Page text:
Ghana’s Catholic bishops have called a June 29 incident in which President John Dramani Mahama’s convoy was pelted with stones in the Ashanti region in the southern part of the country as “shameful and despicable.”

Mahama was on a tour of the country he’s described as an “Accounting to the People” expedition when his motorcade was stoned and hooted at, apparently leading to minor injuries for some in the convoy.

Police made two arrests for participation in the incident.

A June 30 statement signed by Bishop Joseph Osei-Bonsu of Konongo-Mampong, President of Ghana’s Catholic Bishops’ Conference, said the stoning of the convoy was “shocking and unbelievable” and “we…wish to condemn this act in no uncertain terms”.

“We cannot fathom why a group of Ghanaians will attack the convoy of the president in this manner and wish to call on the perpetrators of this act to be ashamed of themselves, repent of their sins and seek forgiveness from God,” Osei-Bonsu said.

“This act is despicable and shameful not only because it dents our image as peaceful and tolerant people but particularly because it represents an attack on the sovereignty of the land whose symbol the president represents,” he said. “Therefore, it ought to be condemned in no uncertain terms by all.”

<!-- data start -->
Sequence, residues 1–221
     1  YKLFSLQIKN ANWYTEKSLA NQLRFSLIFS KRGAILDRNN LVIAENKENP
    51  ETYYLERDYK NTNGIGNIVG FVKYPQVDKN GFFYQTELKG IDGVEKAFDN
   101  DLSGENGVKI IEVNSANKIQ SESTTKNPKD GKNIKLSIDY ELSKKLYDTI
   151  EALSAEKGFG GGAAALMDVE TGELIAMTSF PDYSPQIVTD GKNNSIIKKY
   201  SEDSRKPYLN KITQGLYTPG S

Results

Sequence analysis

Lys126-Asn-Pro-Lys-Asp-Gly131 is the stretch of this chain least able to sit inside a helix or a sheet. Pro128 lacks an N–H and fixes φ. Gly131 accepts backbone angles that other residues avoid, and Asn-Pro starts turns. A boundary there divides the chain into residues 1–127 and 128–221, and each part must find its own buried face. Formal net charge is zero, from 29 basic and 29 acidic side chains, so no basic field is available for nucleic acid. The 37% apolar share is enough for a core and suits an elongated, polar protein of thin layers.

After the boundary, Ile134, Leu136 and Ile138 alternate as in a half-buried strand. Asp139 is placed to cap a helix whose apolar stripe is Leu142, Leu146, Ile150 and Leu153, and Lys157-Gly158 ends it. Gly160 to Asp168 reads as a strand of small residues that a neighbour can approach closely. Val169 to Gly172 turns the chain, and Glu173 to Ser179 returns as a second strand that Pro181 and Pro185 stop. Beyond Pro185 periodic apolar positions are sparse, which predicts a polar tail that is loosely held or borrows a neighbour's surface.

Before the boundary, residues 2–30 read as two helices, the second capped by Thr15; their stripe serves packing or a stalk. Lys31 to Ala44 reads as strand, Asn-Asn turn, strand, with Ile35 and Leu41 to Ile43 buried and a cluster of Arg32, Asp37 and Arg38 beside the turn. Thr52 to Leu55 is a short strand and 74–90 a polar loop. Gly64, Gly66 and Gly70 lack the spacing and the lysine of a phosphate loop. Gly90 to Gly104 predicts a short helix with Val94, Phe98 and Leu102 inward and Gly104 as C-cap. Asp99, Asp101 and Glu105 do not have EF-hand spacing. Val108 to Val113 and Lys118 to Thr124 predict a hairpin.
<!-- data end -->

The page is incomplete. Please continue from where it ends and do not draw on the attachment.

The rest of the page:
“We are pleased to learn that the police have arrested some alleged perpetrators of this shameful act. We pray that all those involved and/or behind it will be arrested and brought to book sooner than later,” Osei-Bonsu said. “The full rigors of the law must be applied while steps must be taken to deal with all people who visit violent attacks on others in the name of politics.”

Although no motive was given for the attack, Mahama has recently come under fire for accepting a gift of a 2010 Ford Expedition valued at roughly $25,000 from a business firm after it was awarded government contracts, even though Mahama has campaigned on an anti-corruption platform.

A government body called the Ghana Integrity Initiative concluded earlier in the month that Mahama must either return the vehicle or pay its full market value to the contractor.

A spokesman had earlier claimed that Mahama did not accept the vehicle for his personal use, but rather assigned it to the presidential fleet.

Ghana is roughly 60 percent Christian and 30 percent Muslim, with Catholics representing roughly 15 percent of the total national population of 26 million.

The country’s bishops are accustomed to playing a robust role in political affairs.

Recently, for instance, the bishops demanded that a legislator apologize after he implied that the female head of the country’s Electoral Commission exchanged sex for her position, and also insisted that two former Guantanamo Bay detainees Ghana had agreed to accept are not “refugees but time bombs” and must be sent away.

In sub-Saharan Africa generally, religious bodies often play a directly political role that might be seen as excessive by Western standards of church/state separation, since they’re often seen as one of the few legitimate representatives of civil society.